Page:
The failure of the all-male Catholic hierarchy to adopt to the changing attitudes of the rank and file has led to several high-profile clashes with American nuns in recent months. The Vatican argues that moral values are God-given and do not change as society evolves. But what exactly is God's position, if any, on sex?
Religions disagree. Some traditions, like Hinduism and Taoism, view human sexuality as a sacred creative power. The erotic carvings on Indian temples, and texts like the Kama Sutra, for example, bear witness to a religious sensibility which regarded sexuality as an expression of the Divine to be celebrated rather than shunned. Western religions, on the other hand, have generally painted a blushing fig leaf over the whole subject of human sexuality, which it perceives as being explosive and downright dangerous.
Where do these views come from? One might expect that Christians would turn to the teachings of Jesus for guidance on these matters. But Jesus says little directly about sex in the Gospels. When he does address the issue, it is to condemn the overly harsh sexual mores of his time, as for example when he prevents the stoning of an adulteress: "Let him who is without fault cast the first stone." He also famously consorted with "sinners" (sinner was a euphemism for prostitutes in those day). "Judge not, that you be not judged," Christ exhorted his followers in the Sermon on the Mount.
Far from being a sexual bigot or a prude, therefore, Jesus is portrayed in the Gospels as being tolerant, empathetic and forgiving. He looks to the inner attitude of love more than the sexual peccadilloes of people as the touchstone of their worth in God's eyes. When Simon criticizes Jesus for letting a woman who is "a sinner" touch him, Christ responds, "I entered your house; you gave me no water for my feet, but she has washed my feet with her tears and wiped them with the hair of her head... Therefore I say to you, her sins, which are many, are forgiven, for she loved much" (Luke 7:36-50).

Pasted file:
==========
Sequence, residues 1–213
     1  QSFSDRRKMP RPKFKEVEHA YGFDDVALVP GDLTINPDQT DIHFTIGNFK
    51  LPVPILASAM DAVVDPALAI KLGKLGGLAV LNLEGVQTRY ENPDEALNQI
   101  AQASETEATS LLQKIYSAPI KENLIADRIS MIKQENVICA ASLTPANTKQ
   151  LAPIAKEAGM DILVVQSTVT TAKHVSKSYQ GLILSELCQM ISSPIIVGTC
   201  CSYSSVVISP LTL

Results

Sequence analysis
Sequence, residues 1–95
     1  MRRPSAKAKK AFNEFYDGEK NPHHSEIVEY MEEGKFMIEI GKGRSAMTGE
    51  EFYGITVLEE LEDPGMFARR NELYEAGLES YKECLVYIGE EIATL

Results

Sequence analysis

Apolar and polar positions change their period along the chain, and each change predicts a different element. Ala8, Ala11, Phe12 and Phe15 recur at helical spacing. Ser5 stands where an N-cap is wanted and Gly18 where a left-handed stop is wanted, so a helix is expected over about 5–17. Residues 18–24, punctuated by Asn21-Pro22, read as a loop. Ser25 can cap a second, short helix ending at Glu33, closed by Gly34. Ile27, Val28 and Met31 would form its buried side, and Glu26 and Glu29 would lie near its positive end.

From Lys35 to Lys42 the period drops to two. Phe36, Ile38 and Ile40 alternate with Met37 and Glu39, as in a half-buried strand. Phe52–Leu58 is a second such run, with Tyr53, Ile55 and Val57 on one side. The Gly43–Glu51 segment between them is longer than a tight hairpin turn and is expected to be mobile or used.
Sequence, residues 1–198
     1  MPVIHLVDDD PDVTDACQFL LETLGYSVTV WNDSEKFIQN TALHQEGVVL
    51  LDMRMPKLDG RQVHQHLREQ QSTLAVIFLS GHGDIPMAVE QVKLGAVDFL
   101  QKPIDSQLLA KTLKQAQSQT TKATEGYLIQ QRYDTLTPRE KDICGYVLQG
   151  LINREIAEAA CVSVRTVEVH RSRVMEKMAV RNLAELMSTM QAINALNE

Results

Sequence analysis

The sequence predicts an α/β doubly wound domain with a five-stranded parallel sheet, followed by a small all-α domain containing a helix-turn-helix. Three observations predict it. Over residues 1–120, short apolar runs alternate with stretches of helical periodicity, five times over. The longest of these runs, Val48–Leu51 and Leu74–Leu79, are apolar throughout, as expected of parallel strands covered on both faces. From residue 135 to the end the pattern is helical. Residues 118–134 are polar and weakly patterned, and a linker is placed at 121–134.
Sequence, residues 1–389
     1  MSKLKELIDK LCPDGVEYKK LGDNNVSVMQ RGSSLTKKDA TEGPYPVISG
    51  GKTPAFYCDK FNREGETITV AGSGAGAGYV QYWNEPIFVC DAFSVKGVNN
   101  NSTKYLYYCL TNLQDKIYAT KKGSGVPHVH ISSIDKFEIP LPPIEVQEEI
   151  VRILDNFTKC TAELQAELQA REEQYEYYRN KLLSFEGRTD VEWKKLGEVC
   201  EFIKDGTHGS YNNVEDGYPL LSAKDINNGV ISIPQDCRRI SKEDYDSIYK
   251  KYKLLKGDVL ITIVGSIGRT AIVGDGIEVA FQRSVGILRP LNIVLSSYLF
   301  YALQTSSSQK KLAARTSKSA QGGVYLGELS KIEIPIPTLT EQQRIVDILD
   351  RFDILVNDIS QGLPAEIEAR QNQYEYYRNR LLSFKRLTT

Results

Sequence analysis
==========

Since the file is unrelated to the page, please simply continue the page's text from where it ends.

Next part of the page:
Contrast this to the angry din from the religious right condemning gays, abortion, contraception and the like. If Jesus had views on these matters, he didn't talk about them. He did say a lot, however, about the things that were truly important to him -- like giving to the poor, loving your enemies, forgiving sinners, turning the other cheek. When is the last time you heard a religious leader rail against someone for failing to turn the other cheek?
Jesus, if he were alive today, would surely acknowledge that sexuality -- like so many other fields of human activity -- possesses a crucial moral dimension. All the more so since sex has an unrivaled capacity both to hurt and to heal, and touches intimately upon the greatest power that we humans have -- the power to express and receive love.
That is where the real ethical issues arise. When sex is used to abuse, to demean and deceive others for ones own selfish advantage, it can do a lot of harm, precisely because it is a betrayal of what sexuality is most deeply about.
The flip side, according to Sister Margaret, is that sex is a blessing when "it is a true response to the reality of the beloved, a genuine union between the one who loves and the one loved, and an accurate and adequate affective affirmation of the loved."